What’s the best caliber for concealed carry according to police officers? This may be the second most common question I have received after “Have you ever had to shoot anyone?”. This is probably one of the most hotly debated questions and ranks up there with the great ongoing “Glock vs 1911” debate. While it may seem like a complicated topic, as a retired police officer I can say that my advice is always the same and it is always simple; choose the gun that you will actually carry.
Selecting a duty gun and a concealed backup gun was one of the first decisions I had to make when I was hired on to the department. Since my father was a police officer, I looked to him and many of his contemporaries for advice as I began my career. Most of my professional decisions were made through that lens and choosing a backup gun was no exception. One thing that stuck with me was being told that a backup gun is useless if you don’t carry it so whatever you buy, make sure you buy one you will actually carry.
This point was driven home even further when I was a few years into my career and beginning my time as a field training officer I met a rookie on our department and asked him if he carried a backup gun. This young officer said that he owned one but that he did not carry it because he wasn’t used to having the weight on his ankle and didn’t want to make a mistake while in training. It struck me that he bought a backup gun but didn’t pick a gun he was comfortable carrying all the time.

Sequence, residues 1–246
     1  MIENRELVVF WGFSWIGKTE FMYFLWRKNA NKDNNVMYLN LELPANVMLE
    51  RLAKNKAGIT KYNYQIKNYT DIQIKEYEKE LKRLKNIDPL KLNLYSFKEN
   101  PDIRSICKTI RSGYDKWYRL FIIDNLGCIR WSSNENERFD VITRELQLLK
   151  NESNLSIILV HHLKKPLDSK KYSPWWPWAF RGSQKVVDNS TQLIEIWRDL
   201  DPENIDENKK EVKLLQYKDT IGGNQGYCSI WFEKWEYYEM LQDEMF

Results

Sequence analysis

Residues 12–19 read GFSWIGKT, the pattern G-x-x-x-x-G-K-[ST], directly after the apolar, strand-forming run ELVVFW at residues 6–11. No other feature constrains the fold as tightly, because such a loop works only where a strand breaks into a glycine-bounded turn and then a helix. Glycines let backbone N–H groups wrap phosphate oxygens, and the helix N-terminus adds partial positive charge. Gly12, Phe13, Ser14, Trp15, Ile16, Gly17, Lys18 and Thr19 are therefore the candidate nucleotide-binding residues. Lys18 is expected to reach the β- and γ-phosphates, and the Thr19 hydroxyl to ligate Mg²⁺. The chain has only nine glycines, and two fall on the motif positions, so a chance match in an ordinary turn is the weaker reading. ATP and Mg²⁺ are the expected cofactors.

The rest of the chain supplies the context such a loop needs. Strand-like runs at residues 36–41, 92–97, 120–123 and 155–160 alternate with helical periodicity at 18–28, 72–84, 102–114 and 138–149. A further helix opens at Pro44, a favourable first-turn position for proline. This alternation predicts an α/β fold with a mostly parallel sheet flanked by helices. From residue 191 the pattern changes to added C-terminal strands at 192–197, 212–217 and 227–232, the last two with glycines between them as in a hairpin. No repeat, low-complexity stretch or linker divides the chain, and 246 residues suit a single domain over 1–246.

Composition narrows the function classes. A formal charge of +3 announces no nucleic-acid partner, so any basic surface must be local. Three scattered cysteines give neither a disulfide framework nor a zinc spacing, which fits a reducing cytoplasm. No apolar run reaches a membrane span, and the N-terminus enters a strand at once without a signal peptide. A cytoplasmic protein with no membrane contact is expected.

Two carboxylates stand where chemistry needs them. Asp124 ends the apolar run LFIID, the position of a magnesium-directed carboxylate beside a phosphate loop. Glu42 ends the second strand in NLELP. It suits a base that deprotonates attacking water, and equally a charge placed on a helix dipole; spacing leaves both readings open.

After years on the street responding to calls and many a conversation with other officers about their experiences, one of the things that stuck out to me was that we had seen people survive hits from a .357 Magnum and a .45 ACP and seen a .380 and .22 be fatal. It also brought back something a salty veteran once said which was “I would carry a Howitzer on my hip if I thought I could get a holster for it”. Artillery comes in incredibly effective calibers but is just as incredibly impossible to carry.
This showed me that the debate over caliber, while it has its place, may be secondary to the question of proficiency with a weapon and ability to deliver effective rounds. It drove home the concept that having a firearm you were consistently willing to carry and be accurate with were two important considerations often overlooked in firearm selection.
The question is then “What good is any firearm if you don’t have it when you need it or you are not proficient with it when the time comes?”. Whether you’re a Bond fan who is deadly accurate with a Walther PPK/S or a wheel gun man who prefers the reliability of a 5-shot snub nose, both types of people will be ready for whatever comes their way because they will be carrying their weapon and be competent when it is time to use it.
This means that my advice is just as simple as my father’s was to me: buy the gun you will actually carry. By extension, the answer to the question “What holster is best for a CCW?” has the same answer. Get a holster that you will actually carry.